I had a conversion moment with the work of Alex Katz while teaching a class in 2001 at the Bellevue Art Museum in Washington. The docents explained Katz’s 1990 woodcut “Camp” as a night scene with three orange tents in the lower right. Since in Maine, a house on a lake – shack or mansion – is a “camp,” I knew the rectangles weren’t tents but lighted windows; and I could feel the lake behind me. It was an extraordinary composition: powerful, compelling and unique.

Considering how many times I’ve used this story to explain my newfound fondness for recent works by Katz (I always loved his early paintings), I was rather stunned to see that same composition – only with four windows and a moon rising over the trees and made in the 1950s by a different artist – on page 71 of the exquisite catalog “Bernard Langlais at the Colby Museum of Art.”

Certainly accidents happen, but Katz and Langlais had studios a floor apart in New York City at the time when Langlais was working on his painting. However you parse the improbable likeness to Langlais’ “Summer Cottage,” “Camp” implies that Langlais’ works were strong enough to exert influence.

Bernard “Blackie” Langlais (1921-1977) was born in Old Town. He studied with major artists, such as Max Beckmann. He was awarded a Fulbright scholarship to study Edvard Munch in Norway. He showed at major galleries like Castelli in New York and enjoyed more than his 15 minutes of stardom. Then, surprisingly, the prodigal son returned to Maine, where his work traded in the sophisticated art world flavorings for a rough-hewn brand of sculptural primitivism.

To mark his studio in Cushing, Langlais created his first monumental work: the giant “Horse” (1966). It was masterful because it clearly emanated power but in no simple way. As a flat work, it was more painterly form than sculpture, and its heroic scale transformed the land around it into a landscape painting. It was raw, as ambitious American art was trying to be. And because its insistent mysteries felt like tribal secrets (instead of personal privacies), it seemed to contain a dangerous reserve not unlike master carpenter Epeius’ infamous Trojan horse.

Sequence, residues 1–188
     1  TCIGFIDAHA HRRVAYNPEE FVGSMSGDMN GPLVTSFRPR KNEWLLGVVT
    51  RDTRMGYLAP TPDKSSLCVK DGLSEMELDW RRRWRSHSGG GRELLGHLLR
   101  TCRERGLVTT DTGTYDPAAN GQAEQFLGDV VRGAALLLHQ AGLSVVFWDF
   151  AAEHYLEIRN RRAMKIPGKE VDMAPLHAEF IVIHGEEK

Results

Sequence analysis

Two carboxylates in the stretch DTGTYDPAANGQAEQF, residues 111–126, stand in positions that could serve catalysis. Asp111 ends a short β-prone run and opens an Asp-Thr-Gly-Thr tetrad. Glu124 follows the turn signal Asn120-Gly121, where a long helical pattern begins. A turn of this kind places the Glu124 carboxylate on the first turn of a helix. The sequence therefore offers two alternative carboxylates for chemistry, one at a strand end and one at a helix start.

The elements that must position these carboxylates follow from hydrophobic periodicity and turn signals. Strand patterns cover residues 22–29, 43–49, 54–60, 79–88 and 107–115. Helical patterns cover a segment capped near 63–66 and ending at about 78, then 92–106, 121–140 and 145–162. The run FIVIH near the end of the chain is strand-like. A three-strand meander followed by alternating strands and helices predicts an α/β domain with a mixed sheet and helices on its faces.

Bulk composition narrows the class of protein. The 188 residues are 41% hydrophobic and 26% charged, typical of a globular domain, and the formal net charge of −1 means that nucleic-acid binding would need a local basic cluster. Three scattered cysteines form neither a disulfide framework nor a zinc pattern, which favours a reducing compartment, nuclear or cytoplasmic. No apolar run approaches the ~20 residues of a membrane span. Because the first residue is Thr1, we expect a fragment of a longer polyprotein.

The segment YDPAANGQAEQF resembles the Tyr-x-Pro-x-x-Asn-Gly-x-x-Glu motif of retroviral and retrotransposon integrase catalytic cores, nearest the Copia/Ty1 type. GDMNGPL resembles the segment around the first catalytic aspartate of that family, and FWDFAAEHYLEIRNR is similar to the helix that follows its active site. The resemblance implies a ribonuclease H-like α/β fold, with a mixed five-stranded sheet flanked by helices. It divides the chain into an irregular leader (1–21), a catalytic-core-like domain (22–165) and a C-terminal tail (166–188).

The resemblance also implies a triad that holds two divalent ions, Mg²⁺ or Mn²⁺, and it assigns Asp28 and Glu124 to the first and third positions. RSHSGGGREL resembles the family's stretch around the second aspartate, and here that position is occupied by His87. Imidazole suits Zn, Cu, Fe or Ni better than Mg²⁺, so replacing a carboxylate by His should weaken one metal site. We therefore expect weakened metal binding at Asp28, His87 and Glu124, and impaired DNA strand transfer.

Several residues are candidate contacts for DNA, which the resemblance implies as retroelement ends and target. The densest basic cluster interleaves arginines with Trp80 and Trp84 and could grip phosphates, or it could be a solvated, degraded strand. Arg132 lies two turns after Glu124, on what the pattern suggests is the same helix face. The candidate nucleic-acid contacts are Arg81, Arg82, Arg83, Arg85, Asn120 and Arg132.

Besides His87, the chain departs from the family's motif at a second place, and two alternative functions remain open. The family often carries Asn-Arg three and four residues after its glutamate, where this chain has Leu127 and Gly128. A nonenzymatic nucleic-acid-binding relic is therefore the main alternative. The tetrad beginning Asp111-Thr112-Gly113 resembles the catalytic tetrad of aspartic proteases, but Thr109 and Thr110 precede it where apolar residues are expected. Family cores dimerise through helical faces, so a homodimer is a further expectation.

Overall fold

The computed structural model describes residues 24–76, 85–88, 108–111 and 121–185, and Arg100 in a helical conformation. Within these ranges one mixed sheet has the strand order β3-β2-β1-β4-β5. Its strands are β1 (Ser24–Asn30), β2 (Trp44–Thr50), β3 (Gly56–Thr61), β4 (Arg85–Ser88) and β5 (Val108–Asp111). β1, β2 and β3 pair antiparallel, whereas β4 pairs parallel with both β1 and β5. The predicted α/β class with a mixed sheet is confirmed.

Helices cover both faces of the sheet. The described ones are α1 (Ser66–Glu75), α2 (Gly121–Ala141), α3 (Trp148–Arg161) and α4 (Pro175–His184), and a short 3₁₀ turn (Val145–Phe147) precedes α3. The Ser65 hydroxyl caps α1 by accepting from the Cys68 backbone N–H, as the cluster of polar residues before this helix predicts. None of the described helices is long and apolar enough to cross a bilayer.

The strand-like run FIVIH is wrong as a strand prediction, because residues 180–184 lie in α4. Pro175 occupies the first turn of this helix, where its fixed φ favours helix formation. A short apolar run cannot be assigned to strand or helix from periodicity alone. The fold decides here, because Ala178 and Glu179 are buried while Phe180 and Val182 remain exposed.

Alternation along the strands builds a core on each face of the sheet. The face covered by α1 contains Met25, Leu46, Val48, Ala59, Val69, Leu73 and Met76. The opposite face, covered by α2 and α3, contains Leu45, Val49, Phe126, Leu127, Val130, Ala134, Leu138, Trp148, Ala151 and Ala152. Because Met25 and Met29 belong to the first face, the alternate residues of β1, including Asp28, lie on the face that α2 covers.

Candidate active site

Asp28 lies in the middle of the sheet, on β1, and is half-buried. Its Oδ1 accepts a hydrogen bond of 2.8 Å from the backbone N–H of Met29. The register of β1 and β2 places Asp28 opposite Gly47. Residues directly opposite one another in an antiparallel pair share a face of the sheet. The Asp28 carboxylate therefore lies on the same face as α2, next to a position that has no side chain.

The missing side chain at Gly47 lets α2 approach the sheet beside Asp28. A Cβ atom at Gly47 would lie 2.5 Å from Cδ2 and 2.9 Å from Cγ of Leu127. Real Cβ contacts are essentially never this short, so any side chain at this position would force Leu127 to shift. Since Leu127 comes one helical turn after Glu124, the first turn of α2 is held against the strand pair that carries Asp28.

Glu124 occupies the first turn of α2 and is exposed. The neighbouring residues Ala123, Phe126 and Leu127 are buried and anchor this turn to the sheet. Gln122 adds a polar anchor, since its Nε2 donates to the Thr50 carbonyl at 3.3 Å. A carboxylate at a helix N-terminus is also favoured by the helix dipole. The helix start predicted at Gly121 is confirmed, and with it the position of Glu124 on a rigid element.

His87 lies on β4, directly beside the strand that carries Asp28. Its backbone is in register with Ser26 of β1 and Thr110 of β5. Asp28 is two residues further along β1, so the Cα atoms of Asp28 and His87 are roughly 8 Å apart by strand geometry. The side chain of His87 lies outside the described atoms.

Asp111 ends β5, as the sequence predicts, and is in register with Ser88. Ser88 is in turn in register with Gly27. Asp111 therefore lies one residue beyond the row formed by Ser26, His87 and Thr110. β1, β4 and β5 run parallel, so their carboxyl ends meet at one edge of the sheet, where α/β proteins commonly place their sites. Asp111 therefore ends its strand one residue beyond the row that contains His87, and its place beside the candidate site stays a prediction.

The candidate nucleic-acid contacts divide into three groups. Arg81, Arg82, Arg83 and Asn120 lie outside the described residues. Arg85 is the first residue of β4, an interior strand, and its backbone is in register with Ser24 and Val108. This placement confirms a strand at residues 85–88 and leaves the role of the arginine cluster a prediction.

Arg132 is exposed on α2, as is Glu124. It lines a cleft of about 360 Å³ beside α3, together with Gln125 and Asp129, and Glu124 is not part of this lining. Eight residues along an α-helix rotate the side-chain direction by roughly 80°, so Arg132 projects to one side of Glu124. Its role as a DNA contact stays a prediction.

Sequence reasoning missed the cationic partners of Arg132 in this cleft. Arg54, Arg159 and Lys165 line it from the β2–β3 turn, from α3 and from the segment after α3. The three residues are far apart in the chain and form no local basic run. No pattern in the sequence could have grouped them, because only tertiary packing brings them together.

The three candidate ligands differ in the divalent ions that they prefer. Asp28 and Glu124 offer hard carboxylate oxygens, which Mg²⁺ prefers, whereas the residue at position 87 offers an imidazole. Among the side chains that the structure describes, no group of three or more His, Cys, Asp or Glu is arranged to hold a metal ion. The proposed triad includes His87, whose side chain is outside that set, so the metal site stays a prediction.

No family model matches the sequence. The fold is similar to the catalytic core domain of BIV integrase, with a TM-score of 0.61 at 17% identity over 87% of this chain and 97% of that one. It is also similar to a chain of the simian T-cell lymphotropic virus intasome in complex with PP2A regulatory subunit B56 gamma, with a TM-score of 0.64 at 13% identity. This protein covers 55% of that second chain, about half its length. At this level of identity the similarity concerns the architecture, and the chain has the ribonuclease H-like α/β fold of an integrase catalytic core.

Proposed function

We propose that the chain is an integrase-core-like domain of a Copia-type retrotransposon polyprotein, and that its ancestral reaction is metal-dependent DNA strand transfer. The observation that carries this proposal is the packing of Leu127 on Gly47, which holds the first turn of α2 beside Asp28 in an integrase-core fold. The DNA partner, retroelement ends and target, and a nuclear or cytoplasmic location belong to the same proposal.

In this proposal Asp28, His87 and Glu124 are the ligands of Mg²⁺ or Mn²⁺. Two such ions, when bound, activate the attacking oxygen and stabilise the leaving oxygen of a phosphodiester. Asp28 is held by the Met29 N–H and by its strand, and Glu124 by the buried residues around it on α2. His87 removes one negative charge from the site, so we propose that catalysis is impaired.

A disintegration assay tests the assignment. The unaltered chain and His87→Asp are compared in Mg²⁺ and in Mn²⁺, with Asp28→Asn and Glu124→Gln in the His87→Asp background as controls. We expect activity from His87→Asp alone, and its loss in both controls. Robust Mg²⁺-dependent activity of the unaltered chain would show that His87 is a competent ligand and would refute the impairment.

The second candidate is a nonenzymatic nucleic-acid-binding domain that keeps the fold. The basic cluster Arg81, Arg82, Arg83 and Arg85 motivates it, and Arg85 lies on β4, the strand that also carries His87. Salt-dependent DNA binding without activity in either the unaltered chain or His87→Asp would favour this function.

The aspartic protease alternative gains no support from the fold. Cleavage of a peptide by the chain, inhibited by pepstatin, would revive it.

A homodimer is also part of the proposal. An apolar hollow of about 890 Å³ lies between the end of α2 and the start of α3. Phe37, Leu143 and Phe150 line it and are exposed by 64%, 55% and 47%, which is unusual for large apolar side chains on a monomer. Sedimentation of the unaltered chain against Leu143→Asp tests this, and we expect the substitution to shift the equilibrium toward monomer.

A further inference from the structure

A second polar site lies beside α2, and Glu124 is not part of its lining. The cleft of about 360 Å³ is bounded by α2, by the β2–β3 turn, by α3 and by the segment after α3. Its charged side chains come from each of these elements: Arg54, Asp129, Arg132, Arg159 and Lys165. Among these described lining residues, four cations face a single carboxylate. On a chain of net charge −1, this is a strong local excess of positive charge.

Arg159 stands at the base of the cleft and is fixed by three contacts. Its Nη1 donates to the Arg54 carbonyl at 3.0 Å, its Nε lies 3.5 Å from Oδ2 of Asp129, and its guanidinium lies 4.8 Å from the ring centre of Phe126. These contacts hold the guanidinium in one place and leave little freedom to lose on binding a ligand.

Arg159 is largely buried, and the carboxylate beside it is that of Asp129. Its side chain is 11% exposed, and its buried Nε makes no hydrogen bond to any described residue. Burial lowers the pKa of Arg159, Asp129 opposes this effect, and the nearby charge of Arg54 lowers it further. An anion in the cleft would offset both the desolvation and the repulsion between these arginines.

Three years later, the most famous sculpture in Maine was Langlais’ 65-foot-tall Indian in Skowhegan. As a Waterville teen who frequented the Skowhegan State Fair, I remember when it went up. I was never sure if I liked it and even less sure if it was art.


In part because it doesn’t offer any simple answers, Colby’s “Bernard Langlais” – the late artist’s first retrospective – is an excellent exhibition. It is interesting and comprehensive. And it doesn’t sand the rough edges.

When Langlais’ widow, Helen, died in 2010, the works and papers remaining in the estate went to Colby. While curator Hannah Blunt spent years on the project, Helen Langlais had already expertly carved out what key works were going to the college museum. With the Kohler Foundation, Colby then disseminated other works to more than 50 Maine institutions.

The Colby show will not give you a clear understanding of Langlais the artist, but it puts beyond question his artistic and conceptual depth: Langlais was a brilliant, talented and subtle artist.